Here is a great clip pretending to be a nature show following the “life” cycle of the plastic bag from strip malls in California to the great garbage island in the Pacific. Narrated by Jeremy Irons, it is really great.

What I love about the clip is how it not only shows the tragedy of our consumer society, but almost more deeply it shows the joke of nature shows and in turn the way most people regard nature. Meant to get us closer to nature, nature shows allow us to stay at a safe distance and watch nature conveniently in an “improved” version, with slow motion, close ups and with the days, weeks, even months where nothing much happens edited out.

Only in this case it is a plastic bag we are watching as it “majestically migrates” thousands of miles in under four minutes thanks to the film maker’s skillful editing.

I’m reading Timothy Morton‘s book Ecology Without Nature and he talks about this romaticization and distancing of nature, a tradition deeply rooted in our culture thanks to the Romantic movement and even earlier… coinciding exactly with when we started really reeving up our destruction of the planet…a coincidence? Not at all.

Definitely worth looking into further, if anything worth looking into your own perception of and interaction with nature. Does your romanticization and abstraction of “nature” effect how you interact (or lack of) with “real” nature in your life?

This separation is very dangerous on many levels. There is a general belief that because we hold nature on a pedestal we are doing it a service, even helping to save it….but any feminist will tell you that the pedestal is the first sign of dis equality, because if there is the pedestal then the dualistic law of the universe requires there also be a stool – the pendulum must never stop swinging.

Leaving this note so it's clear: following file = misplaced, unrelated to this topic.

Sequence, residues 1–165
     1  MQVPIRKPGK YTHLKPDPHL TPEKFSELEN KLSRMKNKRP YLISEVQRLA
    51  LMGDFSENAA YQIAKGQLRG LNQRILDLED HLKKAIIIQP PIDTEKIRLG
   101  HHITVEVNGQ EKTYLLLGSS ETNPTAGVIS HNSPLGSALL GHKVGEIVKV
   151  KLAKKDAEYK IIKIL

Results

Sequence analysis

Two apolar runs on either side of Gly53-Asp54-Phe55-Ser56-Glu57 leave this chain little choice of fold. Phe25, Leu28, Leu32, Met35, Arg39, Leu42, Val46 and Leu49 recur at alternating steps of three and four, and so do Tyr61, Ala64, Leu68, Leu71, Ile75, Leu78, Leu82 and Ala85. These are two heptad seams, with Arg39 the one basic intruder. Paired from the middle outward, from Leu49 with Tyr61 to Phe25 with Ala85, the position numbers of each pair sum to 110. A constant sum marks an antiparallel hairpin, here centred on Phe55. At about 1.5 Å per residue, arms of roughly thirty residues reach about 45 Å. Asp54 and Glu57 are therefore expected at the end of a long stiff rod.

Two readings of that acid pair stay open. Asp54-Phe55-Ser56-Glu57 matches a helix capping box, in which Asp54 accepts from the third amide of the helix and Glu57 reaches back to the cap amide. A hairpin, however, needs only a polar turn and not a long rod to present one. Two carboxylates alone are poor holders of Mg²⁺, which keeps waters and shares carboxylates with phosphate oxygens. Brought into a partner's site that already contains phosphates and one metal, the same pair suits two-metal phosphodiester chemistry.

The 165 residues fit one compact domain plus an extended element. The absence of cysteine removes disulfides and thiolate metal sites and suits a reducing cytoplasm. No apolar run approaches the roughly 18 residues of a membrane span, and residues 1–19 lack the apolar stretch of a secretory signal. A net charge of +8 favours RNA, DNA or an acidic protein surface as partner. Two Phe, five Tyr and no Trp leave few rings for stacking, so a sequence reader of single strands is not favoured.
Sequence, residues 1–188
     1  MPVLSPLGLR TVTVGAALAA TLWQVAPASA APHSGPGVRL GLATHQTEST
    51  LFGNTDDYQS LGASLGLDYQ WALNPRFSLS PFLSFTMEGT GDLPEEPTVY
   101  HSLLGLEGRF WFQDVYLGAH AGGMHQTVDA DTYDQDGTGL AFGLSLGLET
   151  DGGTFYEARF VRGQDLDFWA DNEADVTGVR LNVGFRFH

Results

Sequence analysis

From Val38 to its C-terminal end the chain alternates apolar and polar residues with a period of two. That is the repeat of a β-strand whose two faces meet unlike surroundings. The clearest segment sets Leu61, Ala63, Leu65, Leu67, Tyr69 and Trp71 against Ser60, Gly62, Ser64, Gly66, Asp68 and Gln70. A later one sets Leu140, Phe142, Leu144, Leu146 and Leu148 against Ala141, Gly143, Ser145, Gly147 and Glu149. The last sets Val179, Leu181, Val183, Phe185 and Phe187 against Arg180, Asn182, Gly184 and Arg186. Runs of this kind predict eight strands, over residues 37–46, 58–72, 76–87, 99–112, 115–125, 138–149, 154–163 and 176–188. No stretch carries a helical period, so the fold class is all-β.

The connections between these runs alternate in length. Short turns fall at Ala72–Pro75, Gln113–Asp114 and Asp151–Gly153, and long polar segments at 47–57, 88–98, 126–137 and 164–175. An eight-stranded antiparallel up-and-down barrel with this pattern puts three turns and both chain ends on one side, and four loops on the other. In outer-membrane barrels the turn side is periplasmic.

So as we elevate nature above (and away from) us in reverence one day, we inevitably will lower it below us is contempt another day. In both cases nature is “the other” something not connected to us.

You see this so often in dominant culture’s views towards minorities. Take the Spanish Gyspy, “so beautiful” in their flamenco dress, so “soulful”, so “full of life” in their singing and dancing. What is inferred but not said is that they are all these things UNLIKE the non-gypsy Spaniards, again the distancing by putting this exotic animal called Gypsy on a pedestal apart from the rest of the population.

And what happens next? You guessed it. The pendulum swings and this exotic animal that is so not like the rest of us becomes dangerous, dirty, thieving, drug dealing, the worst of society….

And all the while the “real” gypsy stands by scratching their head, dis-empowered, unseen, unheard and misunderstood. This is why it is so important to them to be called Roma. It is an attempt to define their own identity instead of the mainstream imposing a completely random one onto them.

Unfortunately the real animals in this world can’t tell us their real names. They stand there as we impose our definitions onto them through literature, movies, and yes documentaries.

The first step is to stop judging. Nature is not good, not bad. It is. Until is isn’t. And hopefully our mind’s ability to objectify will be overtaken by our equally powerful ability to understand through compassion before all of nature isn’t…and this has to happen NOW because things are really getting catastrophic.

Here is the video.